As depicted in FIG. 1, a methane production system 10 according to the present invention comprises an injection well 12 and a production well 14. Injection well 12 and production well 14 are representative wellbores well known to one skilled in the oil and gas extraction art. Typically, the wellbores extend substantially downward from a point of access, for example, the surface 16 of a stratum 18. The wellbores also may extend substantially downward from the surface of a body of water, sediment deposit, permafrost, or other geological formation. In FIG. 1, injection well 12 and a production well 14 extend downward through stratum 18, through a hydrate formation bed 22 containing methane hydrates 24, and downward from hydrate formation bed 22 into a gas layer 26. As depicted in FIG. 1, injection well 12 is oriented substantially vertical extending downward through hydrate formation bed 22, and transitions to a substantially horizontal orientation 38 passing beneath and proximate to hydrate formation bed 22. Horizontal drilling of wellbores is well known to one skilled in the oil and gas extraction art.

Injection well 12 houses conduit bundle 18. Conduit bundle 18 generally comprises a plurality of separate channels for fuel 39, oxidant 40, and a diluent 41, and may include additional separate channels for instrumentation or other means or reactants desired downhole. The fuel 39, oxidant 40, and diluent 41 pass through conduit bundle 18 into a catalytic combustor 30. Diluent fluid provides cooling of combustor housing 32 and lowers the temperature of combustion products 34. The cooled combustion products 34 pass downstream of the catalytic combustor 30 and enter hydrate formation bed 22 through multiple apertures 36 in the wellbore walls 40 of injection well 12 downstream of catalytic combustor 30. As depicted in FIG. 1, combustion products 34 are introduced below hydrate formation bed 22. Heated methane hydrates 24 decompose and the resultant methane gas 42 migrates into the space beneath the bed forming gas layer 26, or into an existing gas layer 26. The methane gas flows toward production well 14 where natural gas is withdrawn through a flow controller 44 known in the art. Where hydrate formation bed 22 is non-horizontal, as is often the case, injection well 12 and production well 14 preferably are configured such that combustion products 34 are introduced proximate to lower portion 46 of hydrate formation bed 22. Liberated methane gas 42 flows generally upward from the lower portion 48 of gas layer 26 toward wellbottom 50 of production well 14.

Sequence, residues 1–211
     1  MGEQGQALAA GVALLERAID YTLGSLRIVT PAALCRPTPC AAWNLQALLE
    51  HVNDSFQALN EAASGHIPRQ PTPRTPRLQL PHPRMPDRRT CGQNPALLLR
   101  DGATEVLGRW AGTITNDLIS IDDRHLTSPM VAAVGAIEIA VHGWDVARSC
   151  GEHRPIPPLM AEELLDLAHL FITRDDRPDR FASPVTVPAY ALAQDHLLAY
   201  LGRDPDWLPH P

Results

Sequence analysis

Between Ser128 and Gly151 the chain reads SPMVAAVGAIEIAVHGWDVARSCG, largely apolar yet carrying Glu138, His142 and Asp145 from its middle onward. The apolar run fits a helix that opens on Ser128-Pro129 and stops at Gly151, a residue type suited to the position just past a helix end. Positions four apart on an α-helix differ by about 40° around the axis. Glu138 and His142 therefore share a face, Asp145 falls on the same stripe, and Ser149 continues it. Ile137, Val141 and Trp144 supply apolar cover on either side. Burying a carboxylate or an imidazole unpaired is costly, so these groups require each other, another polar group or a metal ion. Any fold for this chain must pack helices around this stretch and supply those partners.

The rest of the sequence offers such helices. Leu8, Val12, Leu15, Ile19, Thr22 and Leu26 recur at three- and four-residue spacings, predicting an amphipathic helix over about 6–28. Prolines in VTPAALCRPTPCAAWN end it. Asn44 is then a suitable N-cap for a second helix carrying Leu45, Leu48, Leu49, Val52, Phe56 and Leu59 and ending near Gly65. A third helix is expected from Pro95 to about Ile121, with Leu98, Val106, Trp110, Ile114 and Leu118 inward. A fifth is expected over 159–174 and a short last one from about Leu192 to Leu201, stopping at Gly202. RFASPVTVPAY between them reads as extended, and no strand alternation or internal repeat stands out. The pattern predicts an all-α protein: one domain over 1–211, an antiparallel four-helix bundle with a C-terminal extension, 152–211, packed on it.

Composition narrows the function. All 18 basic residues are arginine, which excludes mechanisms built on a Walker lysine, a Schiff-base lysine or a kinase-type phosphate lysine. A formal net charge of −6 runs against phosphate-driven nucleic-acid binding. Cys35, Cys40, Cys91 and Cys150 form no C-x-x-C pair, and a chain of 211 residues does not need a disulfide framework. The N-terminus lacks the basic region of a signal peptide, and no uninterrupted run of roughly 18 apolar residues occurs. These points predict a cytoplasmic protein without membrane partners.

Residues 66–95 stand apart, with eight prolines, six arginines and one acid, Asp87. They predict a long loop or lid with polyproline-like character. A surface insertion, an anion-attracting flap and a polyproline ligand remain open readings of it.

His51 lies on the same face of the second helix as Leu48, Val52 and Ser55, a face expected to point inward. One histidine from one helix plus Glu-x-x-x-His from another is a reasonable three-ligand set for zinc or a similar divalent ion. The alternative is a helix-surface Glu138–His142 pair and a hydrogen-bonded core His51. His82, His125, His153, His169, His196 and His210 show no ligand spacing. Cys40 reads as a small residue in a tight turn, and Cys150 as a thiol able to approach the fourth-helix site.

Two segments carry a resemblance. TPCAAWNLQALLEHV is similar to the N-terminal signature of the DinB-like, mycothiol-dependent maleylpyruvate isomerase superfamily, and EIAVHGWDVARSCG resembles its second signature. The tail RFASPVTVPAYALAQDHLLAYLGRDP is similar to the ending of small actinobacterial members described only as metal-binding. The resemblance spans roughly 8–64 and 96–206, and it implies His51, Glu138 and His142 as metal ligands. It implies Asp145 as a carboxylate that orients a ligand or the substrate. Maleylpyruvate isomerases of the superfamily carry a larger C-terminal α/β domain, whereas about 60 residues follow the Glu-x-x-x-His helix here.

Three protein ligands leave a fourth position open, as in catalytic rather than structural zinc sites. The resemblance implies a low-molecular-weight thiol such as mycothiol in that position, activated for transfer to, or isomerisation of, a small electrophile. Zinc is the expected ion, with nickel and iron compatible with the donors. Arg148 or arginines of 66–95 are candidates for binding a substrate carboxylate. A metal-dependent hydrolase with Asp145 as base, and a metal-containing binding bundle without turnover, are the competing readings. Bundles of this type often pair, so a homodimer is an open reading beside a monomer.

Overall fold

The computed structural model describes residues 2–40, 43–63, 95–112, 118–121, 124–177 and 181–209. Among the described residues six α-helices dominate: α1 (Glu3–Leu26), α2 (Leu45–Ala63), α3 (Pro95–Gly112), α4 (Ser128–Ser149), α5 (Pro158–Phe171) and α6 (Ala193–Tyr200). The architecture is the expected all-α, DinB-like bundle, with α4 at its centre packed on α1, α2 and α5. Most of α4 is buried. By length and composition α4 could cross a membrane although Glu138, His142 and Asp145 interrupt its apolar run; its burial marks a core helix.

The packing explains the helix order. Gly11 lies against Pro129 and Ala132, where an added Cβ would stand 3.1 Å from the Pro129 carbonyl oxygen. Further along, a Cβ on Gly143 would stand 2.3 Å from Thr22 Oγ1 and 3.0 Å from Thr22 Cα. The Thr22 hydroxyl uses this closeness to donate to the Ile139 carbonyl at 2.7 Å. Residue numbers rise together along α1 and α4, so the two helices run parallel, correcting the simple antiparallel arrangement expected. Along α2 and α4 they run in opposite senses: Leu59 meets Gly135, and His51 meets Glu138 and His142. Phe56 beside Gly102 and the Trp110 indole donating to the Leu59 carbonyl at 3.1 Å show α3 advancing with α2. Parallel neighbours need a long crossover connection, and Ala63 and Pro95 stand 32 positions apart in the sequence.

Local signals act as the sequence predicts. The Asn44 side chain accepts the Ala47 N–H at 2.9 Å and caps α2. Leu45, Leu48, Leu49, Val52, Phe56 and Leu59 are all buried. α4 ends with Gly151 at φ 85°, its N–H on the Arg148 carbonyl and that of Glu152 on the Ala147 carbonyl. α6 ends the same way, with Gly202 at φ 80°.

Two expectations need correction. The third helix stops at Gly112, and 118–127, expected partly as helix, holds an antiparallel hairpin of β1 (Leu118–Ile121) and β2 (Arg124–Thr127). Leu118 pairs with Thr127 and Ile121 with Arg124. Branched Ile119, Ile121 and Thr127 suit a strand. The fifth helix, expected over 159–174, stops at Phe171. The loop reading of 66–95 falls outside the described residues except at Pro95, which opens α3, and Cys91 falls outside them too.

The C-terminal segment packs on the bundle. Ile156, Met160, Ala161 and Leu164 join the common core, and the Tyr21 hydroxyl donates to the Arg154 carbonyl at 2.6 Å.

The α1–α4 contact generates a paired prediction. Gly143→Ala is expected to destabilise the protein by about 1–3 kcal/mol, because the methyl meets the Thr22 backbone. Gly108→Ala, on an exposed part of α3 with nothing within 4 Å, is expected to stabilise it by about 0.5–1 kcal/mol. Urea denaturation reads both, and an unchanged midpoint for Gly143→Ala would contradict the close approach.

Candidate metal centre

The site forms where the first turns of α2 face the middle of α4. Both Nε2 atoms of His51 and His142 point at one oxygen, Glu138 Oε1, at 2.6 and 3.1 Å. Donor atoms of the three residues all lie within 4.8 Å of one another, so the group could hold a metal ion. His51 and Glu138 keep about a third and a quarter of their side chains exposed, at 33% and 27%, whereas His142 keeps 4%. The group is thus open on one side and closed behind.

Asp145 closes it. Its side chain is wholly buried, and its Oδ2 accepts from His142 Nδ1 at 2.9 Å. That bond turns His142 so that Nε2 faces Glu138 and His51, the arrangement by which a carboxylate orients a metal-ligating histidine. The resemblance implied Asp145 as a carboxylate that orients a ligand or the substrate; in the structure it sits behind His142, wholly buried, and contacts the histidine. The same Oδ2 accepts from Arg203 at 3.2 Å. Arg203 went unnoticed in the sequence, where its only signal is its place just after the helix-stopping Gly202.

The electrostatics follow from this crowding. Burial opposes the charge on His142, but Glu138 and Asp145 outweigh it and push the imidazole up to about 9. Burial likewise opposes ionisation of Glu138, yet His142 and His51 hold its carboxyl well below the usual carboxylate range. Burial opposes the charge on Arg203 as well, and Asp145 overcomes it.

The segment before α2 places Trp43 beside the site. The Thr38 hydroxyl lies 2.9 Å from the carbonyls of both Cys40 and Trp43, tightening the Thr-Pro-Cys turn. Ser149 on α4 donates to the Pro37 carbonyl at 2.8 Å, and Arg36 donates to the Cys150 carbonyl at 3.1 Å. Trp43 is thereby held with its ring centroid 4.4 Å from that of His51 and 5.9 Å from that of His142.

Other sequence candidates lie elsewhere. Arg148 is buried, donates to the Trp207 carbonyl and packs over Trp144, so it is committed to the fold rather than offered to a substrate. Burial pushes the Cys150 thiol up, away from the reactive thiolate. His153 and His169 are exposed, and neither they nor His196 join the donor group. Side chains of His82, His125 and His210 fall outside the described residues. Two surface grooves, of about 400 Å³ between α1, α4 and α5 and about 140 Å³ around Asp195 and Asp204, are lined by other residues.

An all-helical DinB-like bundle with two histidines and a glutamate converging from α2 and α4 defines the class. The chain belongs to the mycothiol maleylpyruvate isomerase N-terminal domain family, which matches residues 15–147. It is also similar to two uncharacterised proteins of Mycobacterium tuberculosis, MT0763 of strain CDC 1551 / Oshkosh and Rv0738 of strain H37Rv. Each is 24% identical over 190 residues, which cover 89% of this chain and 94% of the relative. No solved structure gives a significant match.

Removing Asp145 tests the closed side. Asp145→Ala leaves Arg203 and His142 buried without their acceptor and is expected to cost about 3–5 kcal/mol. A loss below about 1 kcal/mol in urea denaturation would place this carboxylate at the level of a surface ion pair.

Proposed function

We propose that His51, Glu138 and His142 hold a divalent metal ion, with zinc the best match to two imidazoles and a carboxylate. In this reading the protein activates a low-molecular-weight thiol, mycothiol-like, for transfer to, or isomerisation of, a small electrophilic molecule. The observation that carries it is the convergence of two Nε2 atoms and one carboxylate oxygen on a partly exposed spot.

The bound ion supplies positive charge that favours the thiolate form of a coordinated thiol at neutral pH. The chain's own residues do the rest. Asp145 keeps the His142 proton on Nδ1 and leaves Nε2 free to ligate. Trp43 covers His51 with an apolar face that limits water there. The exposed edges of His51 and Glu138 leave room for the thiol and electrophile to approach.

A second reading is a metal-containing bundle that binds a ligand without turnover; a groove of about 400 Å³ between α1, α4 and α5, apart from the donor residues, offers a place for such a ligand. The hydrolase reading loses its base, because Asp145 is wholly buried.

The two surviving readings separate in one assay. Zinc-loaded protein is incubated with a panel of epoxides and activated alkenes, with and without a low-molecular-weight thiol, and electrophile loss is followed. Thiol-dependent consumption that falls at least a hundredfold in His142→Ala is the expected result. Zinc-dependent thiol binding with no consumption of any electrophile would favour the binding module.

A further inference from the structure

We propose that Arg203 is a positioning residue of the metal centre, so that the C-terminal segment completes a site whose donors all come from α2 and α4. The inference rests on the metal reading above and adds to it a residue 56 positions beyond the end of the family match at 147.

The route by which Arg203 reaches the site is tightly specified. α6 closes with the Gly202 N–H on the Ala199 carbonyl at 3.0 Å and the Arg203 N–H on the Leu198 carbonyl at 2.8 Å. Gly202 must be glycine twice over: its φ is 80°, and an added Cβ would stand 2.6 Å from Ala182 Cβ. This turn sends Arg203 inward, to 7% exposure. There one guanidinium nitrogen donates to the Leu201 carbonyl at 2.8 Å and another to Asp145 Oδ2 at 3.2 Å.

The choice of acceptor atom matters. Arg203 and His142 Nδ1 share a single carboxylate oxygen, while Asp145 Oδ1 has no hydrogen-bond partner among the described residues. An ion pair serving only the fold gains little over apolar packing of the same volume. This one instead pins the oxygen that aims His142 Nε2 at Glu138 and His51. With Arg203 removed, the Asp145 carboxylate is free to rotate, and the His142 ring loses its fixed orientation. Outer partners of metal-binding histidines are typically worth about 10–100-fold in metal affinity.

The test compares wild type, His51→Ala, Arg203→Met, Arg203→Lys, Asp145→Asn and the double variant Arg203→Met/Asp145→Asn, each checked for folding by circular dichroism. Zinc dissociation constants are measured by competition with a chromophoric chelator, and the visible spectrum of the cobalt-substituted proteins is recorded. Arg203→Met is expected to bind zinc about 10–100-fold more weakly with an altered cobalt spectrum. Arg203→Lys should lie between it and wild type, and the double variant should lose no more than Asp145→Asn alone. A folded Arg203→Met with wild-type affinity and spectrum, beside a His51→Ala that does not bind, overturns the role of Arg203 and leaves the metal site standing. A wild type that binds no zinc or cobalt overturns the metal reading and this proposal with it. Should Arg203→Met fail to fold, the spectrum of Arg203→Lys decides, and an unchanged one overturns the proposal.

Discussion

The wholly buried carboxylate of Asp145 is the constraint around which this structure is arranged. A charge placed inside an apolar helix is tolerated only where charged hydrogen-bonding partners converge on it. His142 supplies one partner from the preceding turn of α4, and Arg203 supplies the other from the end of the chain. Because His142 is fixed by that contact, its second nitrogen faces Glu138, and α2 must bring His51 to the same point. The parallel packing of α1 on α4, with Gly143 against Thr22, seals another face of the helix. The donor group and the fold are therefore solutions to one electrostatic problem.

In one preferred embodiment of the invention wherein methane is reacted in the presence of a catalyst using a fuel rich mixture of oxygen (or air), catalytic combustor 30 comprises a catalytic reactor disclosed in U.S. Pat. No. 6,394,791 (to Smith, et al.), incorporated herein by reference. In the third paragraph of the Summary of the Invention beginning at column 3, line 44, and in the first paragraph of the Detailed Description of the Invention beginning at column 9, line 43, the '791 Patent teaches a basic method and apparatus wherein a fuel-rich fuel/air mixture is contacted with a catalyst to oxidize a portion of the fuel contained therein. The catalytic reaction provides both a heat of reaction and a product stream. The catalytic reaction product stream is typically mixed with an oxygen-containing stream and burned. Further, the ability of catalytic combustion to operate across a wide flammability range simplifies control for a downhole hydrate heating system. Such characteristics are described in columns 3-4 of the '791 Patent.

A preferred embodiment of the catalytic reactor disclosed in the '791 Patent, for use in a preferred embodiment of present invention, is described in the 18th paragraph of the Summary of the Invention beginning at column 6, line 34 of the '791 Patent. The method of operation disclosed does not require an ignition delay prior to complete inflammation. The combustion temperature at the stoichiometric interface between the product stream and the heated cooling fluid stream described therein is advantageously reduced. The '791 Patent further discloses that by transferring sufficient heat from the fuel-rich product stream to the cooling air stream before contact, the adiabatic flame temperature at the stoichiometric interface between the product stream and the cooling air stream can be reduced to a value well below the adiabatic flame temperature that would exist at the stoichiometric interface in the absence of heat transfer between the streams. The characteristics of a catalytic reactor disclosed in the '791 Patent would enhance a system of the present invention. The temperature of the final combustion products can be adjusted to the desired level by addition of CO2 before injection into the methane hydrate bed. The CO2 will make contact with the liberated water from a methane hydrate and form a CO2 hydrate.